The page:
Exhibitions > Iterations: John Ronan’s Poetry Foundation
Iterations: John Ronan’s Poetry Foundation
December 14, 2013–May 4, 2014
Founded in 1997 by John Ronan, the Chicago-based architecture firm John Ronan Architects has made its mark with a range of critically acclaimed buildings and a thoughtful approach to spatial relationships and materials. The firm uses a distinct, iterative methodology in order to explore a wide range of options at the outset of a project. While many architects have adopted a completely digital process, Ronan sees advantages in both handmade and digital design methods; the handmade process, seen here, allows for a more intuitive and less calculated approach that is valuable in the beginning stages, while digital tools allow for the precision necessary to finalize a design.
Operating on a shoestring budget since its 1912 founding by Harriet Monroe, Chicago-based Poetry magazine experienced a surprising windfall in 2003 with the bequest of approximately $200 million from the pharmaceutical heiress Ruth Lilly. The magazine reorganized as the Poetry Foundation and decided to build a permanent home to advance its mission of raising the public profile of poetry. After a thorough selection process, the organization selected John Ronan Architects to design the building.
For the Poetry Foundation, Ronan’s design process entailed thoughtful considerations about how to integrate the required elements of the building. As seen here, the iterative approach was used throughout the design’s development—from the initial diagrams and a set of site-specific models to the presentation model—with the goal of creating a compelling spatial narrative. Completed in 2011, the building was recognized with a national design award from the American Institute of Architects.
2 hours 16 min ago The Art Institute of Chicago NOW OPEN—Go
Speed is both a product of modern life and an agent of it. At the turn of the 20th century, new technologies of mobility and transmission—trains, cars, airplanes, radio, film, television, to name only a few—increased the pace of life, collapsing distances between people and places and assaulting the senses.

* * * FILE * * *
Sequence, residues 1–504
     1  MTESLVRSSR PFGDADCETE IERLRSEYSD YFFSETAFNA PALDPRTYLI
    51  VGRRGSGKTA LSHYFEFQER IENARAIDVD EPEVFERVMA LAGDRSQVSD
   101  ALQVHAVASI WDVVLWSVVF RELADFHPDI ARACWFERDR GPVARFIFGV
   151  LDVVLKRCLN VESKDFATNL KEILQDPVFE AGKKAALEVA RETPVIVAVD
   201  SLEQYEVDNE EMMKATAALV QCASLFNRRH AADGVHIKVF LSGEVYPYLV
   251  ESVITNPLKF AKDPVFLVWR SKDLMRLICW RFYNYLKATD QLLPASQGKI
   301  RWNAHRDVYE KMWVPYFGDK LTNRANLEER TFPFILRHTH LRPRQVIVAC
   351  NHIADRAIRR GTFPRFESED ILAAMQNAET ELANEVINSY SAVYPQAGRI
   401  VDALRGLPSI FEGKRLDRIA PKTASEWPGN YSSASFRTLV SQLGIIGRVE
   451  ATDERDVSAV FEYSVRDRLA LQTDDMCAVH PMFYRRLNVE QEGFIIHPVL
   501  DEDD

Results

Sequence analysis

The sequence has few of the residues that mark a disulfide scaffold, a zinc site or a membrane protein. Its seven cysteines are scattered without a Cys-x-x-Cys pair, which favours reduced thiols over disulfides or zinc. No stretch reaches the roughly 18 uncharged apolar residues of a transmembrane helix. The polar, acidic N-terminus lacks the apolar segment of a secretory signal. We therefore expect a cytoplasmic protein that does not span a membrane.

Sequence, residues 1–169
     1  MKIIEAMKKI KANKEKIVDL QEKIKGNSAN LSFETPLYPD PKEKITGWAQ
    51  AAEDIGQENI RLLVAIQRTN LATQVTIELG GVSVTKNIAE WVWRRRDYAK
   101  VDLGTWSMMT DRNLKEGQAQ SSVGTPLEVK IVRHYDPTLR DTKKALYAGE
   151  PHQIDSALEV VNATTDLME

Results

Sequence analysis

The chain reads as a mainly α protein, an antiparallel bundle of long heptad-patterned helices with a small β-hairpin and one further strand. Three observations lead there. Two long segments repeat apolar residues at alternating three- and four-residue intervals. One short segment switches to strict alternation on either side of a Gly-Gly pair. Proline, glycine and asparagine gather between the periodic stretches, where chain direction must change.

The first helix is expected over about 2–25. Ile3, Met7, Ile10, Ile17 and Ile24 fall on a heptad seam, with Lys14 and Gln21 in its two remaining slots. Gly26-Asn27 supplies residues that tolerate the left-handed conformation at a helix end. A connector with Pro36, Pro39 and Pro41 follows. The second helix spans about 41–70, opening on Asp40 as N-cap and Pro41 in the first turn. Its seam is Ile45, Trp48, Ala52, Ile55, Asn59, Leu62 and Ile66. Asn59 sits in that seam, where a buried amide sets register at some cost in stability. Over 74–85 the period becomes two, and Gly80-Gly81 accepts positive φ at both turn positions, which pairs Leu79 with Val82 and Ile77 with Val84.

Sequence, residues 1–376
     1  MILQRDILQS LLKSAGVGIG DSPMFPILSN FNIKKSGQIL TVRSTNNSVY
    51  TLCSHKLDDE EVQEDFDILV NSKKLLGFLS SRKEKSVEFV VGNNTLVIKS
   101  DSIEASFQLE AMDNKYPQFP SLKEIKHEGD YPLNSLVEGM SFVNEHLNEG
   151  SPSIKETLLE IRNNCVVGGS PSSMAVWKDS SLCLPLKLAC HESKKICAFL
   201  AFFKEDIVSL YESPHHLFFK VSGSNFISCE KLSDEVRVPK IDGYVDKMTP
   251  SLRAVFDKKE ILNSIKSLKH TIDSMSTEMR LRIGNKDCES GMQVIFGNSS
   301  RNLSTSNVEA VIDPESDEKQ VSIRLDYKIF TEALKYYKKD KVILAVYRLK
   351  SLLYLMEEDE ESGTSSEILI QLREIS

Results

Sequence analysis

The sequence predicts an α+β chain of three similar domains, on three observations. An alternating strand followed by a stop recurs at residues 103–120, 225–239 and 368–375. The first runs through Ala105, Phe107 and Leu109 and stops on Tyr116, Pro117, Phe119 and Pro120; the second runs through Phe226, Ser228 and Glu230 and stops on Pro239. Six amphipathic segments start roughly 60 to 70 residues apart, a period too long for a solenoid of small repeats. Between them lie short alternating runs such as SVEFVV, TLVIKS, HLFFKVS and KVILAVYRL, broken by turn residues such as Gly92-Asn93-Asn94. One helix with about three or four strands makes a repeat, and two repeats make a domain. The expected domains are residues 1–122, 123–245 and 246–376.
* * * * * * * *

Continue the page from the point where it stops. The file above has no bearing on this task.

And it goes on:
Go, the second exhibition in the Art Institute’s Modern Series, explores how artists responded to different ways of experiencing and seeing the world in the accelerated modern age—through paintings, sculpture, works on paper, photographs, designed objects, textiles, books, and films.
6 hours 32 min ago The Art Institute of Chicago Happy birthday to Winslow Homer. In 1883 the artist moved to a small coastal village in Maine, where he created a series of paintings of the sea unparalleled in American art. The paintings he created after 1882 focused almost exclusively on humankind’s age-old contest with nature.
In The Herring Net, Homer depicted the heroic efforts of fishermen at their daily work. While one fisherman hauls in the netted and glistening herring, the other unloads the catch. Utilizing the teamwork so necessary for survival, both strive to steady the precarious boat as it rides the incoming swells. Homer’s isolation of these two figures underscores the monumentality of their task: the elemental struggle against a sea that both nurtures and deprives.
See five paintings by Winslow Homer in Gallery 171 of American Art—http://bit.ly/2l89rfx
20 hours 31 min ago The Art Institute of Chicago Put your own creative spin on 30 masterpieces from the Art Institute of Chicago. Our coloring book is now available online at the Museum Shop.